We have argued, and there has been no reply to the argument, that it is unjust to ask people to contribute and to continue in the future to contribute to a scheme to make good the deficiency, and yet deprive them of benefits under the scheme. There has been no reply to that argument. Again, no attempt has been made at any stage of this Bill to justify the increase in the waiting period except on financial grounds, and except on grounds of tradition, that it has always been six days until last year. That is no answer whatever. What does this proposal amount to? This is not a proposal which will affect only a limited number of the unemployed. This is not a question of sons and daughters living with their parents or of husbands sponging on their wives which the right hon. Gentleman appears determined to encourage. It is not that. This is a provision that will affect all the unemployed people. When it has been said from these benches that there are 1,300,000 people unemployed, the right hon. Gentleman has said, and has rightly said, that this is not a fixed army; it is an army with a constantly changing personnel, and there may be during a year 4,000,000 or even more people who at one time or another are unemployed.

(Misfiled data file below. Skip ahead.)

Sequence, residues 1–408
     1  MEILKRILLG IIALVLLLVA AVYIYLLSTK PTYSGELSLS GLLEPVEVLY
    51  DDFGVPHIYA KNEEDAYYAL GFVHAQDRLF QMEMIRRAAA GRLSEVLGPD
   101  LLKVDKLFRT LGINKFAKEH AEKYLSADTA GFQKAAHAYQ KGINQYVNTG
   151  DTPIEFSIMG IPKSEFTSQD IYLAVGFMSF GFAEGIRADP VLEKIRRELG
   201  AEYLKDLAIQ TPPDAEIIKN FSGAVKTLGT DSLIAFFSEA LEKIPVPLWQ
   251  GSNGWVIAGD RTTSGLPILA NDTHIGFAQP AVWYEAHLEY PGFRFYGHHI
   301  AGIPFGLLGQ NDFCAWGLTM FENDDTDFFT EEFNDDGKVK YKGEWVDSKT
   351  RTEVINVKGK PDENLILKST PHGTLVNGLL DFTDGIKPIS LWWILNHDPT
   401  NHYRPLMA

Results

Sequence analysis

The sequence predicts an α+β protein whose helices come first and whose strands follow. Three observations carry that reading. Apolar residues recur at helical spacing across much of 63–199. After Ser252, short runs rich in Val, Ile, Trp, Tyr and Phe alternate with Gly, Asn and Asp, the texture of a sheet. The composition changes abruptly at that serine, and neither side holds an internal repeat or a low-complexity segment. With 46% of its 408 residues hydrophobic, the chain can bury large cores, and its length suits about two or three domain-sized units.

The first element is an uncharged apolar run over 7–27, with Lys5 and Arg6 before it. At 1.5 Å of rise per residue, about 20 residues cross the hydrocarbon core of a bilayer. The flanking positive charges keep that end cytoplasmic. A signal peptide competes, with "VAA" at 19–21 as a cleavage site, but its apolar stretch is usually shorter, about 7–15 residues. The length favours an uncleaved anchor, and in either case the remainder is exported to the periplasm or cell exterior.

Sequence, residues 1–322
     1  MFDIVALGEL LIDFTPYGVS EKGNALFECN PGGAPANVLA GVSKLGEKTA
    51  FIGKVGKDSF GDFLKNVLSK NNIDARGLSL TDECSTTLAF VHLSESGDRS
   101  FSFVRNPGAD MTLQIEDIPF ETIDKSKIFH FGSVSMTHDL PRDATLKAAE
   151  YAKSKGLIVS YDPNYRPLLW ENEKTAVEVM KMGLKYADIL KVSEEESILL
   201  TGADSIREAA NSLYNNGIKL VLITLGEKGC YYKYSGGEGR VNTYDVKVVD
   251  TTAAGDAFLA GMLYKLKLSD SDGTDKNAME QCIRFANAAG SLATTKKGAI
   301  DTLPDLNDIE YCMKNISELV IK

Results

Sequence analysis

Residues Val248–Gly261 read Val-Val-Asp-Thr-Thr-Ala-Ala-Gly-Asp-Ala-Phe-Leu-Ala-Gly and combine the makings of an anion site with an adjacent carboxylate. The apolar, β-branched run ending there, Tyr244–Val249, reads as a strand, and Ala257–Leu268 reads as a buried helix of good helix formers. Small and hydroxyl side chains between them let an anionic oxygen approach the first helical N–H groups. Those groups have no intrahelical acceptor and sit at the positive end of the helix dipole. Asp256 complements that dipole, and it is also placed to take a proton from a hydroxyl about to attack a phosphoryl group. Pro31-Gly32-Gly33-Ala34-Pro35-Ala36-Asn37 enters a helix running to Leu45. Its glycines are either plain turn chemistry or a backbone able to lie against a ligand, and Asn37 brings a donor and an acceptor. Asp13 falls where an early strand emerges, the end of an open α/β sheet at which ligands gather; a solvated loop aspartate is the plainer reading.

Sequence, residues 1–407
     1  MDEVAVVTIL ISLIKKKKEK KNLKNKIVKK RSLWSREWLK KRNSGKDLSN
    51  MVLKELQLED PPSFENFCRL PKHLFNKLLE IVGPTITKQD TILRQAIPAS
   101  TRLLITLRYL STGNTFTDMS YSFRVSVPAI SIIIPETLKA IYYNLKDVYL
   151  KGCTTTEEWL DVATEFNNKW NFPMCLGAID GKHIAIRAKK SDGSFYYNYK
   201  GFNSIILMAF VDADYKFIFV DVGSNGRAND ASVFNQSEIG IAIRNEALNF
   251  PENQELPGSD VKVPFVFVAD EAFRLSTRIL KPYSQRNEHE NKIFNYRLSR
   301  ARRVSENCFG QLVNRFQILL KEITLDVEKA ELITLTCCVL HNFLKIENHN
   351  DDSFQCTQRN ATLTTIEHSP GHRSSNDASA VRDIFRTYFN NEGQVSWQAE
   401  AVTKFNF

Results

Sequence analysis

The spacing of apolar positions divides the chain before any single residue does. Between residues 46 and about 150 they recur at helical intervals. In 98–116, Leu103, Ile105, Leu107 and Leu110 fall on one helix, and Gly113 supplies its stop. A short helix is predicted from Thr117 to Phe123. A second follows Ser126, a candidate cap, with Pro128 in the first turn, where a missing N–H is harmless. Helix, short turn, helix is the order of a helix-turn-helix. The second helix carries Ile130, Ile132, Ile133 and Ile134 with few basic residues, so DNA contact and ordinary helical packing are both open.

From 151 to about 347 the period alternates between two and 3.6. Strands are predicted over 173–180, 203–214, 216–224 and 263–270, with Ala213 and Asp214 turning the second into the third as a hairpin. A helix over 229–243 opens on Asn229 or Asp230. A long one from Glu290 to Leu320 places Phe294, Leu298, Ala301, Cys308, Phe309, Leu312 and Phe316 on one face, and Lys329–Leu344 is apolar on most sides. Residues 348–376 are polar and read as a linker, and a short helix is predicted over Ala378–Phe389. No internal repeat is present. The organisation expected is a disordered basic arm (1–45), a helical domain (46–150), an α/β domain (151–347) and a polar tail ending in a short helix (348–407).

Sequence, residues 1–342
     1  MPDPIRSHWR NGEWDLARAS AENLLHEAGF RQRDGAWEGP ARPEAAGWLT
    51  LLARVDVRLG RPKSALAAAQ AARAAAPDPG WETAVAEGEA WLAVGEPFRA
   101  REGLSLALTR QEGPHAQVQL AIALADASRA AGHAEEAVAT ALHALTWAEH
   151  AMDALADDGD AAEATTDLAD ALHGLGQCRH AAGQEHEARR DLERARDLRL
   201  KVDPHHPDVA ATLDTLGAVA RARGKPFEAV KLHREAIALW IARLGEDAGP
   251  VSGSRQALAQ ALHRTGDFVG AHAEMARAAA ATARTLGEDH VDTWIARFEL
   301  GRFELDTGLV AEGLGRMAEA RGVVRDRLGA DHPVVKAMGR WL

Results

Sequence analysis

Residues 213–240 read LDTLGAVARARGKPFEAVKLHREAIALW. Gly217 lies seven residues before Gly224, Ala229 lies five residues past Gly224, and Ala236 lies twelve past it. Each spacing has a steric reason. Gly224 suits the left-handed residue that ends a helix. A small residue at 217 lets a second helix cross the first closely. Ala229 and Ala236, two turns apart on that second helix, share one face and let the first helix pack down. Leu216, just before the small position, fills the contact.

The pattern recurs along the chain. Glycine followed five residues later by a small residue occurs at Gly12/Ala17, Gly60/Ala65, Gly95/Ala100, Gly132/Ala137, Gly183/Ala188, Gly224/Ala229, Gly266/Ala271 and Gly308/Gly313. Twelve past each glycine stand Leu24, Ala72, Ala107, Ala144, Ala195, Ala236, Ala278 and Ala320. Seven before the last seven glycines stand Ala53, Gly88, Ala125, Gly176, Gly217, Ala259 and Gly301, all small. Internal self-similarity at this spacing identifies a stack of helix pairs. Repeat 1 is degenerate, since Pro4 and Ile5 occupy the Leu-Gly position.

Four million or more people per year are going to be asked now to forgo three days of the meagre benefit to which they have hitherto been entitled. What does it mean? If you take a married workman with three children, you are saying to him, when this calamity befalls him, "not only are you to wait three days, but you are to wait another three days, and we are going to deprive you of 14s. 6d., half a week's benefit." It is not a creditable thing to say to people with dependants upon them: "Instead of receiving for the second half of the first week that you are unemployed half a week's benefit, you are to receive nothing." If the right hon. Gentleman and the Parliamentary Secretary are right, that it is not going to mean any increase in Poor Law relief, then it means that it is coming out of the vitality, the energy, and the comfort of these people and their dependants. Clause 3 is even meaner in its conception and worse in its operation than Clause 1, bad though Clause 1 may be.